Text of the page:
WUWT reader Tom O’Hara writes in a question that seemed worthwhile to discuss. Paleo specialists can weigh in on this. It seems to me that he has a point, but like him, I don’t know all the nuances of calibrating a proxy. (Graphic at right by Willis Eschenbach, from another discussion.)
[This] is a puzzle to me.
Everything we know about past climate is based on “proxies.” As I understand the concept, science looks at “stuff” and finds something that tends to mirror the changes in temperature, or whatever, and uses that as a means to determine what the likely temperature would have been at an earlier time. This is, I am sure, an oversimplified explanation.
So what we have, in essence, is a 150 year or so record of temperature readings to use to determine our proxy’s hopeful accuracy.
Now my question would be, if we are continuously adjusting the “readings” of that record, how does that affect the usefulness of the proxy information?
If I have correlated my proxy to a moving target, doesn’t that effect the likelihood that the proxy will yield useful information?
It would seem to me that this constant massaging of the database used to define and tune my proxy, would, in the end, destroy the utility of my proxy to deliver useful information. Or have I got it all wrong?
A few primers for discussion:
1.Detecting instabilities in tree-ring proxy calibration
Abstract. Evidence has been found for reduced sensitivity of tree growth to temperature in a number of forests at high northern latitudes and alpine locations. Furthermore, at some of these sites, emergent subpopulations of trees show negative growth trends with rising temperature. These findings are typically referred to as the “Divergence Problem” (DP). Given the high relevance of paleoclimatic reconstructions for policy-related studies, it is important for dendrochronologists to address this issue of potential model uncertainties associated with the DP. Here we address this issue by proposing a calibration technique, termed “stochastic response function” (SRF), which allows the presence or absence of any instabilities in growth response of trees (or any other climate proxy) to their calibration target to be visualized and detected. Since this framework estimates confidence limits and subsequently provides statistical significance tests, the approach is also very well suited for proxy screening prior to the generation of a climate-reconstruction network.
Two examples of tree growth/climate relationships are provided, one from the North American Arctic treeline and the other from the upper treeline in the European Alps. Instabilities were found to be present where stabilities were reported in the literature, and vice versa, stabilities were found where instabilities were reported. We advise to apply SRFs in future proxy-screening schemes, next to the use of correlations and RE/CE statistics. It will improve the strength of reconstruction hindcasts.
Citation: Visser, H., Büntgen, U., D’Arrigo, R., and Petersen, A. C.: Detecting instabilities in tree-ring proxy calibration, Clim. Past, 6, 367-377, doi:10.5194/cp-6-367-2010, 2010.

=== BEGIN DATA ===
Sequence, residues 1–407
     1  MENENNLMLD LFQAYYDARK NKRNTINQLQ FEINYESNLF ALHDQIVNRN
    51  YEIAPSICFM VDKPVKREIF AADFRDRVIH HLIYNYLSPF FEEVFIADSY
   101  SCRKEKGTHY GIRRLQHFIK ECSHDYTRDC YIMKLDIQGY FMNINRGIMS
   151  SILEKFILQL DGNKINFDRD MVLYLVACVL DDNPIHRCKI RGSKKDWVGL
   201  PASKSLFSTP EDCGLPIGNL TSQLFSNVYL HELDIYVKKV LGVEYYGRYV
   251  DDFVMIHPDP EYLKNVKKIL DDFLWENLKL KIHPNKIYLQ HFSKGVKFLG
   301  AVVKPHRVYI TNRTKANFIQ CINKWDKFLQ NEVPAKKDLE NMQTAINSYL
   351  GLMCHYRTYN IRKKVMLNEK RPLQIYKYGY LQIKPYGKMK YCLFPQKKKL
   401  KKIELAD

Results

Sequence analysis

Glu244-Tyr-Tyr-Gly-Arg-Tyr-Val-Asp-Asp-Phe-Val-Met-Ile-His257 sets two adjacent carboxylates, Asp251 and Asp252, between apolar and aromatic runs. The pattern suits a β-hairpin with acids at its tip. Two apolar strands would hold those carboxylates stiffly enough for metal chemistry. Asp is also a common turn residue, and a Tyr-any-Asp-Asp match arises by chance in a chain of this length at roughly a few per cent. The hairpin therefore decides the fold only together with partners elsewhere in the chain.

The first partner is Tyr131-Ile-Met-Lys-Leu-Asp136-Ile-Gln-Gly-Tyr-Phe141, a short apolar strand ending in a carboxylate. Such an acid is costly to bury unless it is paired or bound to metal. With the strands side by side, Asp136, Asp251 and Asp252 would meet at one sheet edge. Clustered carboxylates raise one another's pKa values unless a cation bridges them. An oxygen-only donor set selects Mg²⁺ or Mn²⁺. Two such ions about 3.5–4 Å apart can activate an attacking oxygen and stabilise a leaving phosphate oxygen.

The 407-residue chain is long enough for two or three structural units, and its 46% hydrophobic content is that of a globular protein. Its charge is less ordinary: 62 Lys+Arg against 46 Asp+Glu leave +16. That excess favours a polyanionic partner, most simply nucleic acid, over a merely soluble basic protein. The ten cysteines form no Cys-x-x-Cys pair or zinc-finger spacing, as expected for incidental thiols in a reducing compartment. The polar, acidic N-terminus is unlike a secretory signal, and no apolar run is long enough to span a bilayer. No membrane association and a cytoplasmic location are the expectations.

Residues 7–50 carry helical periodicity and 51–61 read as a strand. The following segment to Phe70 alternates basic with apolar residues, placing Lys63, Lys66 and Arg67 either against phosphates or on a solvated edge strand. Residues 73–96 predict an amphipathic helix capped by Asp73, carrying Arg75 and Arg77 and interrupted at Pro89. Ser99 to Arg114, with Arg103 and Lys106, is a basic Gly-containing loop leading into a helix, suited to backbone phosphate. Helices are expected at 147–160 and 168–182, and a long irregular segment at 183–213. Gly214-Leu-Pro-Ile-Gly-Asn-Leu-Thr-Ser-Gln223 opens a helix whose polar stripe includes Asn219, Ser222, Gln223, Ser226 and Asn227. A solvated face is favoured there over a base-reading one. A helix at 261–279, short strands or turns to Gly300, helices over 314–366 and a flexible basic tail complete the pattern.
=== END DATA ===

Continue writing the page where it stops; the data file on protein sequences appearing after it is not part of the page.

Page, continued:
From WUWT August 16, 2013 A new paper now in open review in the journal Climate of the Past suggests that “modern sample bias “has “seriously compromised” tree-ring temperature reconstructions, producing an “artificial positive signal [e.g. ‘hockey stick’] in the final chronology.”
Basically, older trees grow slower, and that mimics the temperature signal paleo researchers like Mann look for. Unless you correct for this issue, you end up with a false temperature signal, like a hockey stick in modern times. Separating a valid temperature signal from the natural growth pattern of the tree becomes a larger challenge with this correction. More here
Calibration trails using very long instrumental and proxy data
Esper et al. 2008
The European Alps are one of the few places that allow comparisons of natural climate proxies, such as tree-rings, with instrumental and documentary data over multiple centuries. Evidence from local and regional tree-ring analyses in the Alps clearly showed that tree-ring width (TRW) data from high elevation, near treeline environments contain substantial temperature signals (e.g., Büntgen et al. 2005, 2006, Carrer et al. 2007, Frank and Esper 2005a, 2005b, Frank et al. 2005). This sensitivity can be evaluated over longer timescales by comparison with instrumental temperature data recorded in higher elevation (>1,500 m asl) environments back to the early 19th century, and, due to the spatially homogenous temperature field, back to the mid 18th century using observational data from stations surrounding the Alps (Auer et al. 2007, Böhm et al. 2001, Casty et al. 2005, Frank et al. 2007a, Luterbacher et al. 2004). Further, the combination of such instrumental data with even older documentary evidence (Pfister 1999, Brázdil et al. 2005) allows an assessment of temporal coherence changes between tree-rings and combined instrumental and documentary data back to AD 1660. Such analyses are outlined here using TRW data from a set of Pinus cembra L. sampling sites from the Swiss Engadin, and calibrating these data against a gridded surface air temperature reconstruction integrating long-term instrumental and multi-proxy data (Luterbacher et al. 2004).
paper here: Esper_et_al_TraceVol_6 (PDF)